The fairyback also returned us to events of the pilot, serving almost as a "secret history" for what happened as Regina's curse went into effect, offering up an effective explanation for MSW's knowledge of FTL while also doing a lot to deepen both his and Emma's characters. But once again, the ending is a let down, as Emma, still refusing to accept her destiny, leaves town with Henry. Possibly because we're so close to the finale, or possibly because the hero rejecting their destiny only to be forced to reluctantly accept it is a pretty standard part of the hero's journey, but this time, at least, her refusal to believe felt like the final straw. Maybe it's wishful thinking, but I feel like Emma's departure from Storybrooke is going to trigger something that, once and for all, will force her to accept the truth about Storybrooke.
As frustrating (and narratively convenient) as Emma's continued denial is, this episode at least offered up a plausible explanation for it. Apparently the curse is strong enough to alter what Emma sees, so even MSW's wooden leg can't force her to believe.
The less said about the "Regina seduces David" plot the better, though thankfully David didn't fall for it.
Game of Thrones: Ghosts of Harrenhal
I'll say this for Game of Thrones: they sure aren't afraid to bury the lead, beginning this episode with what could have served as a great episode-ending cliffhanger. So let's start there.
So Melisandre's smoke baby wastes no time in slipping into camp and killing Renly. This was perhaps the most shocking moment of the series for me (I knew Ned died long before I watched the first season). As I mentioned last week, Renly was getting too cocky for his own good (zing!), so some kind of fall felt inevitable, but I never expected him to die so suddenly.
In the wake of his death, Stannis becomes the king to beat, more or less inheriting Renly's massive army. Margaery is seemingly adrift, but her loaded conversation with Baelish suggests there's more to come from her story (and continued to show off her pragmatism), while Caetlyn and Brienne strike up an interesting partnership. I'm especially curious to see where that goes.
Meanwhile, Tyrion sees first hand the public's growing discontent for Joffrey's rule (I love that he was offended that the street preacher ridiculed him as much as the rest of his family) while he does his best to secure King's Landing. While I definitely want to see Joffrey deposed, I'm intrigued to see how Tyrion intends to use Wildfire against Stannis, since he definitely seems to agree with Bron that launching it from catapults is a bad idea.
Arya continues to shine, as the scene between her and Tywin was one of the series' best. His quizzing her on the sigils of the house she claimed to be from was a nice callback to the early season one episode in which she protested learning such things, while her stark (see what I did there?) declaration that "anyone can die" was a fantastic snapshot of her current sensibilities. I'm still a little unclear as to who exactly the men she saved during the Lannister attack are, but Arya having the power of life and death over two more people is intriguing, to say the least, and I hope we learn more about her benefactor.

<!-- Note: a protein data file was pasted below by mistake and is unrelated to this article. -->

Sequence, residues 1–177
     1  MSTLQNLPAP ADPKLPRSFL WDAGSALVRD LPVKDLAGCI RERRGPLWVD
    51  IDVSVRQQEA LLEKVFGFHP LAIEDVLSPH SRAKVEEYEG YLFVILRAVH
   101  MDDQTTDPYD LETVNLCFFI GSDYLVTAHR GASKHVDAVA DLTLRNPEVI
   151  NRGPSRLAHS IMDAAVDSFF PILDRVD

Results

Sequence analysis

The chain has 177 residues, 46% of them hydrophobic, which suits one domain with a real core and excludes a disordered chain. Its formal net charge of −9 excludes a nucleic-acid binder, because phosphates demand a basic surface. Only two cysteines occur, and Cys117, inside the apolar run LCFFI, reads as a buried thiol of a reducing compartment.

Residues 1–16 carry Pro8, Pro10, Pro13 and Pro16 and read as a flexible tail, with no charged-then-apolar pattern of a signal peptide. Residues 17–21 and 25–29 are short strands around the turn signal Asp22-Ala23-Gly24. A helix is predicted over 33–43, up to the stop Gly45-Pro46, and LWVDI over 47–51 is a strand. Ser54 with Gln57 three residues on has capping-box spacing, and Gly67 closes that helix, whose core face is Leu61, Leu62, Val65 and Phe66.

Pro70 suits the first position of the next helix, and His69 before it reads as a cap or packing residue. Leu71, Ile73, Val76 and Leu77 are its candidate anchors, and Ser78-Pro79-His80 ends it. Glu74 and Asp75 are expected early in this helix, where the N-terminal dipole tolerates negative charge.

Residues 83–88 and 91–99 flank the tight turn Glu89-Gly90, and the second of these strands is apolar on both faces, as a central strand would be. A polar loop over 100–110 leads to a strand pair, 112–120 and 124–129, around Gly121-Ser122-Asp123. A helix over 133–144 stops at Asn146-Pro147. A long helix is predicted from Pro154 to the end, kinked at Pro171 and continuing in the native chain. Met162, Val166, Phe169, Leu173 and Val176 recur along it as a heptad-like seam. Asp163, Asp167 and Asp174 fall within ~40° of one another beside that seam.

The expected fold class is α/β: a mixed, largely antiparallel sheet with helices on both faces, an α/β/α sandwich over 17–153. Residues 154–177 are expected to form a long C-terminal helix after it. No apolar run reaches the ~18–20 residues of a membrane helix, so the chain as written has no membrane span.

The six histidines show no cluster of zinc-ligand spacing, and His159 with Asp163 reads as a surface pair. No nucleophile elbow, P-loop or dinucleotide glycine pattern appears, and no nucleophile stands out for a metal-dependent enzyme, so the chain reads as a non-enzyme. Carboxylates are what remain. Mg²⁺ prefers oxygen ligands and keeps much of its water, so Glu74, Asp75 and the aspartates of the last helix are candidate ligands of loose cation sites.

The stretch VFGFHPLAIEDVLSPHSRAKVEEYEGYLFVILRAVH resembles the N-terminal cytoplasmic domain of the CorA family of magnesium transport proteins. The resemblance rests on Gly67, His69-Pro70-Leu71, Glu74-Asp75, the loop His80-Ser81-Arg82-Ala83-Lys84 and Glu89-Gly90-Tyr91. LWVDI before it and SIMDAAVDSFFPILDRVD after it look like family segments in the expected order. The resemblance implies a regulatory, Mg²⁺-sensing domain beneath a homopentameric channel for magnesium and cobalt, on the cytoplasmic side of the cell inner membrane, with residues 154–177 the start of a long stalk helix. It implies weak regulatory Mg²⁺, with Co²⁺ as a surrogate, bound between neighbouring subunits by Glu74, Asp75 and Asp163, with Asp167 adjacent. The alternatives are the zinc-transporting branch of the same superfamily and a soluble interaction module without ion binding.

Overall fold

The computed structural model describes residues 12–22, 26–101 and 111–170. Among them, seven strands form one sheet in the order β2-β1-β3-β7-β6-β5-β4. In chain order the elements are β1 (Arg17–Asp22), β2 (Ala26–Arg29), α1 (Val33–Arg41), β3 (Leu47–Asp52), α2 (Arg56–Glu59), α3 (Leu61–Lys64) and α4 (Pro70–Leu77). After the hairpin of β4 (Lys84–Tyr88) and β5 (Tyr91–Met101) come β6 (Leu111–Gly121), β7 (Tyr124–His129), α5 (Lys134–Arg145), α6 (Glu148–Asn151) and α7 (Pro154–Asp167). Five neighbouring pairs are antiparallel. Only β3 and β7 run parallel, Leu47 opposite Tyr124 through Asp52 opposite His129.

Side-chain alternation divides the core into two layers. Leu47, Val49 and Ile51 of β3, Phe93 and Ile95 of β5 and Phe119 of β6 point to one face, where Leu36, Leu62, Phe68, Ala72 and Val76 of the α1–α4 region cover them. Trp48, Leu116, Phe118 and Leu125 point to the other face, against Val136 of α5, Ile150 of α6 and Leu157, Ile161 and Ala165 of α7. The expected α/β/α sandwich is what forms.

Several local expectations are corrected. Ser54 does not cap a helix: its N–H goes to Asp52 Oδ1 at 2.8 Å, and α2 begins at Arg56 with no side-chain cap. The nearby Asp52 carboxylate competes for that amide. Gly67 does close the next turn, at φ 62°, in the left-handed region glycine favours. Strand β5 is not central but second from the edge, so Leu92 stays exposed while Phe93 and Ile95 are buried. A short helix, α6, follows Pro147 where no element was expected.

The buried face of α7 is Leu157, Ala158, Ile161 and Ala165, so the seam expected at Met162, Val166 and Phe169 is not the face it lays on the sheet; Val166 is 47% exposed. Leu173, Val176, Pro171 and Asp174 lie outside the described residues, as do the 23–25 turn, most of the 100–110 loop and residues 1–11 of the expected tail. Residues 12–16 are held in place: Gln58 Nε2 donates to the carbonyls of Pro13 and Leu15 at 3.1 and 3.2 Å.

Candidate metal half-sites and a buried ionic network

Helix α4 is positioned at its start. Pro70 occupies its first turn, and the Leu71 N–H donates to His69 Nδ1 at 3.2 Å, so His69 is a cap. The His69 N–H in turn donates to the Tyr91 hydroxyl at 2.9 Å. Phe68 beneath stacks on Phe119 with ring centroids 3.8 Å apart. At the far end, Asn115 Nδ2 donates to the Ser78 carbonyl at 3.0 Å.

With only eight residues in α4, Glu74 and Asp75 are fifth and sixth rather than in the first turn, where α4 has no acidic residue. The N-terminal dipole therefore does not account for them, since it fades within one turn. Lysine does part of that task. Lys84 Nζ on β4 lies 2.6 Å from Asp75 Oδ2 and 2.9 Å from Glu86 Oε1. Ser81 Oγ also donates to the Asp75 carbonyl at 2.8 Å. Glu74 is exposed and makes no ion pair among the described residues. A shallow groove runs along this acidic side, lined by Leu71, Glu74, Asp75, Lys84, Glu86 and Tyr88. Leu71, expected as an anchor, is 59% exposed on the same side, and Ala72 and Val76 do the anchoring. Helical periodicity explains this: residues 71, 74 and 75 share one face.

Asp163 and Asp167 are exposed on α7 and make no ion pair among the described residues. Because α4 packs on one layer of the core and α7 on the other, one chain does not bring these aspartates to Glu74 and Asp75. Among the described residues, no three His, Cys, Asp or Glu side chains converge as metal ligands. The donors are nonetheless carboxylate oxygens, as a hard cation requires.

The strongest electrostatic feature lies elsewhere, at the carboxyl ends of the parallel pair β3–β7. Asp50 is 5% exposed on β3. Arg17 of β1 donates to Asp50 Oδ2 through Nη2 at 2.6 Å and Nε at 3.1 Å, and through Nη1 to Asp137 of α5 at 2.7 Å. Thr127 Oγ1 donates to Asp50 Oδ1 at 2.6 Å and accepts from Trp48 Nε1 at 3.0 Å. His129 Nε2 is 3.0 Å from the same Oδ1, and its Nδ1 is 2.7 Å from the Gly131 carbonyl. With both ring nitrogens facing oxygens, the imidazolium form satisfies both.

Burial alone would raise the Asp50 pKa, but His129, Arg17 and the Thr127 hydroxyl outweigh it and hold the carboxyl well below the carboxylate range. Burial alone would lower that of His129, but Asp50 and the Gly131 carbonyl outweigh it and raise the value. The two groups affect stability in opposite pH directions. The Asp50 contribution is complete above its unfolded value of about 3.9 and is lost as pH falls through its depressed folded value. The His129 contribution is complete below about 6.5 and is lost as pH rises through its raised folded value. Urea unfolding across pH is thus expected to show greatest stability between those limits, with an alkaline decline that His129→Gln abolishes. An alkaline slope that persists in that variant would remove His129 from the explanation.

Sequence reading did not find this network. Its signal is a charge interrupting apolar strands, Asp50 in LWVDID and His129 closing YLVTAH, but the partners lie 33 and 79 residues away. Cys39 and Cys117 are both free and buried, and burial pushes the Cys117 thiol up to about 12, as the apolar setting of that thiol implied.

Odds of Theon rejecting his blood family for the Starks seem increasingly slim, as he's launched an attack on a village close to Winterfell, forcing Bran to dispatch troops to that area. Meanwhile, I'd always assumed that Bran's visions of the three-eyed raven were an indication of his "sight beyond sight", but Osha's reluctance to explain it to him suggests something more ominous (as does his dream of Winterfell flooding, which I'm fairly certain ties into Theon's attack somehow).
North of the Wall
Perhaps the best "north of the Wall" segment of the season, as we learn a little bit more about the history of Westeros as the Nights Watch camps out at the Fist of the First Men (well, the book readers probably knew it all already...). The cinematography in these scenes was gorgeous, and as a know-it-all booky-book myself, it was fun to see Sam show off.
Daenrys finally receives a significant amount of screen
time, exploring Qarth and meeting the Dean from Community before
receiving a marriage proposal and the promise of an army. While her
seeming rejection of the offer is probably sound, she's not wrong that
Jorath's approach is too slow. If for no other reason than narrative
expediency, I expect her to eventually, for good or bad, take someone up
on their "raise an army and march to Westeros" offer. Still, Jorah's
insistence that she deserves the throne because of both blood and bearing was
spot on; of all the contenders for the throne, she probably is the most
deserving at this point.
While things for Robb seemed to be looking up shortly before Renly's death, presumably Stannis has no intention of allying himself with the King of the North. Though I'm not sure how much that would bother Robb. Stannis was always whom Ned intended to inherit the throne, and I'm not convinced Robb wouldn't have a problem going back to simplyy being the lord of Winterfell were Stannis to capture the throne.
I can understand why Arya asked to have someone in Harrenhal killed with her first "wish", in order to make sure her benefactor could make good on his promise, why not start with the Mountain or even Tywin?